Curious fossils have been discovered in Māngere, South Auckland in the geological Kaawa Formation, some 35 metres below the earth’s surface.
Tāmaki Paenga Hira, Auckland Museum has partnered with Watercare’s Central Interceptor Project and is in conversation with the Mana Whenua Kaitiaki Managers Forum, to collect, identify, care for and research fossils recently discovered during the excavation of the Central Interceptor main shaft at Greenwood Road, Māngere.
“The first one they showed me was a piece of a stingray tooth, which is really relevant to our whanau, hapū and iwi,” says Trustee from Makaurau Marae, Tuini Tuwha.
“We’ve always heard stories handed down from our tupuna that our tupuna Hape came over on a Stingray
With funding from Watercare, two collection technicians, Nathan Collins and Thomas Stolberger, have been recruited to the museum, providing an opportunity to enhance our knowledge of these taonga, as well as providing valuable training and development for these recruits.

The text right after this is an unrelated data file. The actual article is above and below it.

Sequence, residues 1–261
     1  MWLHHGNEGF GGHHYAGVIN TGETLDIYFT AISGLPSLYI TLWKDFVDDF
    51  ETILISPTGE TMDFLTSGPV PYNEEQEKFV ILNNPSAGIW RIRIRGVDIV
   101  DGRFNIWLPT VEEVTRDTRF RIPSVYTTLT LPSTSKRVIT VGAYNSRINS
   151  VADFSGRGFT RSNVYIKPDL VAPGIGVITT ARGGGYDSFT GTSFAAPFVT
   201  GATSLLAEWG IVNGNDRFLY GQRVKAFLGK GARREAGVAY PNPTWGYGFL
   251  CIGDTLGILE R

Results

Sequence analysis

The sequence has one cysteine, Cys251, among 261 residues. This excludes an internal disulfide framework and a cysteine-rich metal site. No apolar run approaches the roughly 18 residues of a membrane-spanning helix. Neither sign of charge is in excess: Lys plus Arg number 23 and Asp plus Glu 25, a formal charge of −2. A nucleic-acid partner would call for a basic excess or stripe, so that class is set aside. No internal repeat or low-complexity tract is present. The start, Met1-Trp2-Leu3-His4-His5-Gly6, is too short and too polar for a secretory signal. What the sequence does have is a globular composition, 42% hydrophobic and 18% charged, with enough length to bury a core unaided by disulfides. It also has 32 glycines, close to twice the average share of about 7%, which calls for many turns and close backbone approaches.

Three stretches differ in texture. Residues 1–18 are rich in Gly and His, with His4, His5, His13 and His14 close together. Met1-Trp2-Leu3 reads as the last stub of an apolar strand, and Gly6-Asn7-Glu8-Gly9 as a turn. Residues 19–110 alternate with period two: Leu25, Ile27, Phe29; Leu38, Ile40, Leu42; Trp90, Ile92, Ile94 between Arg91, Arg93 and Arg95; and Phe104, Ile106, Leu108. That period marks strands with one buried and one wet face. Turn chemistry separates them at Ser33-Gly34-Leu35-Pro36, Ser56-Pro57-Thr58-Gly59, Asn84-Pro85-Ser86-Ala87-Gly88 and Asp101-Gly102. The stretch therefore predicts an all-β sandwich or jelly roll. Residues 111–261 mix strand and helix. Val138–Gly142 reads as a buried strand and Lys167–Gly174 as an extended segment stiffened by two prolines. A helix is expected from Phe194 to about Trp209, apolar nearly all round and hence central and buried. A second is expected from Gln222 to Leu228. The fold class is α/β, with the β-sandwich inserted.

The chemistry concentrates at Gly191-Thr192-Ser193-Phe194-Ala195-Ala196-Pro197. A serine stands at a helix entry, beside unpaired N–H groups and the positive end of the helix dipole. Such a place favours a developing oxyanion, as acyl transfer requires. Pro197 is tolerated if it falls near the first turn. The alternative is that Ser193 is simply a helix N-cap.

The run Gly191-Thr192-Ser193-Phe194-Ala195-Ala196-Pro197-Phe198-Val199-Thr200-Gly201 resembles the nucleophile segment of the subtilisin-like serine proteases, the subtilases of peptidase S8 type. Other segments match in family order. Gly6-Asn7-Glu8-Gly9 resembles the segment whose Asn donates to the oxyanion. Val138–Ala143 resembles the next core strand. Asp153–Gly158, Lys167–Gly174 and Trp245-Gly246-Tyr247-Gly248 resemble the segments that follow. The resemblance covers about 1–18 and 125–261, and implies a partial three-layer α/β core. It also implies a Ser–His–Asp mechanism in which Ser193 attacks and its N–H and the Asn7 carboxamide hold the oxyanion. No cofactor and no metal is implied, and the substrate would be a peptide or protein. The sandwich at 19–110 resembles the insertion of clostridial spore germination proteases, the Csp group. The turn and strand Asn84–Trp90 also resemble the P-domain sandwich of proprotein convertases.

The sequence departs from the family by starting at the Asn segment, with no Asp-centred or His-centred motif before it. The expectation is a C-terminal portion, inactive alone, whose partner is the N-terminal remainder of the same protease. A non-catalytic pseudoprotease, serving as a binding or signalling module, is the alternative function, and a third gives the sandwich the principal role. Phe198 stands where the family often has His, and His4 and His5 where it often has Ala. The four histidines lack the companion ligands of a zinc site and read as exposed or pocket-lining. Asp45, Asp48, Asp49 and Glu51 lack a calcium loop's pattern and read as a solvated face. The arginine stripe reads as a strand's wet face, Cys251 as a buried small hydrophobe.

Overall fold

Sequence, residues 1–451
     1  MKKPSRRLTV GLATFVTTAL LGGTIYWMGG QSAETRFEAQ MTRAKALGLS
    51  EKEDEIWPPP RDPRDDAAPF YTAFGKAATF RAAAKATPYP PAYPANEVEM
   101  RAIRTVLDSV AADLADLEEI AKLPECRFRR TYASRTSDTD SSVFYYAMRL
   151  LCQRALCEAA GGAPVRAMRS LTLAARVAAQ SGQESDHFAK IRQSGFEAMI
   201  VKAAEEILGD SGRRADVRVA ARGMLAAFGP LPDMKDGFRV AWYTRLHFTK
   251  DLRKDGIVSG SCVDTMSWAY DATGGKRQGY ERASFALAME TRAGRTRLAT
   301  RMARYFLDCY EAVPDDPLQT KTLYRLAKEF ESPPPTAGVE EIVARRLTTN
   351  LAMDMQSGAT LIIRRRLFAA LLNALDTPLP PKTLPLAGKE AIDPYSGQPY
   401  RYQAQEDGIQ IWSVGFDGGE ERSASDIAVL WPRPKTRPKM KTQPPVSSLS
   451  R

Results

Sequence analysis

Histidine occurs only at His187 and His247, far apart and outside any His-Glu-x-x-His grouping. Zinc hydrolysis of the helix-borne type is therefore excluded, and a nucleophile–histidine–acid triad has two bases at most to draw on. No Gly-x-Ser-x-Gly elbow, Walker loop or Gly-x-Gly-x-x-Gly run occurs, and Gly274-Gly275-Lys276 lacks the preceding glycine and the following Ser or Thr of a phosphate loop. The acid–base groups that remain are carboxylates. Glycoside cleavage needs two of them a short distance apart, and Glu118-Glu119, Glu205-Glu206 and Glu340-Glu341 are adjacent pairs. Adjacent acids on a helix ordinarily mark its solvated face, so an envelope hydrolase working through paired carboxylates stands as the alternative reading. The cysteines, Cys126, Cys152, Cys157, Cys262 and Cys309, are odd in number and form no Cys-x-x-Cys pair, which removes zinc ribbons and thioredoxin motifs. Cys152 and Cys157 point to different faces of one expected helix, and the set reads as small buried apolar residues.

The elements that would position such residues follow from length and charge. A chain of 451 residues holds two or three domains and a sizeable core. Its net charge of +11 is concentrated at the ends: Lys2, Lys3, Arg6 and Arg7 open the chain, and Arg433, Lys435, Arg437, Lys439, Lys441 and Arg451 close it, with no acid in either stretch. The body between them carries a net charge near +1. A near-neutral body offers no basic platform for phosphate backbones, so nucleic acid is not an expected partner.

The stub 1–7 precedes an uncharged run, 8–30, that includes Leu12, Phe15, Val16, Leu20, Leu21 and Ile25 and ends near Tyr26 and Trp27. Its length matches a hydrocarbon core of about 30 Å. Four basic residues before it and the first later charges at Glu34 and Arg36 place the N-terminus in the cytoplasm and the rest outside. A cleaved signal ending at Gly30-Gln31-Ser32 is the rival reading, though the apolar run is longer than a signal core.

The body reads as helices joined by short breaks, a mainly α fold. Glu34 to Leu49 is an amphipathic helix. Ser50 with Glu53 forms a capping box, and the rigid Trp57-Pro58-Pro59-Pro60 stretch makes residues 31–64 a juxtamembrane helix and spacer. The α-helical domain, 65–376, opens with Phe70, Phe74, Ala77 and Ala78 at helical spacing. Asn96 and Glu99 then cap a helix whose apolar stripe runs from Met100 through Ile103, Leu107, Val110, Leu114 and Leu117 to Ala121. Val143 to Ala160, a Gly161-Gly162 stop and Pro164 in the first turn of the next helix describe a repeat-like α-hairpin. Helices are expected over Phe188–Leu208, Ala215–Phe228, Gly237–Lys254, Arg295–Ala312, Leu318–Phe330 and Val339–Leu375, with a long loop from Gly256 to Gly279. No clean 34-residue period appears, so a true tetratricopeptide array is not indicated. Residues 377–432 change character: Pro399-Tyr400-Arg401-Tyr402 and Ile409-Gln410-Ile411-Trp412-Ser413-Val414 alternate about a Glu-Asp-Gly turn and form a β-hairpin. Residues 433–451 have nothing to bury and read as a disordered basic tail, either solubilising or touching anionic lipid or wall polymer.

David Reeves, Director of Collections and Research, says “Auckland Museum is excited about the potential of this project.
Not only is there an opportunity to learn more about our environment through scientific research and connections to mātauranga Maori, but there is also the opportunity to share the collection and learnings with the broader public via online databases and education programmes.
"These newly-found specimens are an extraordinary addition to the richness of the collections cared for by Auckland Museum.”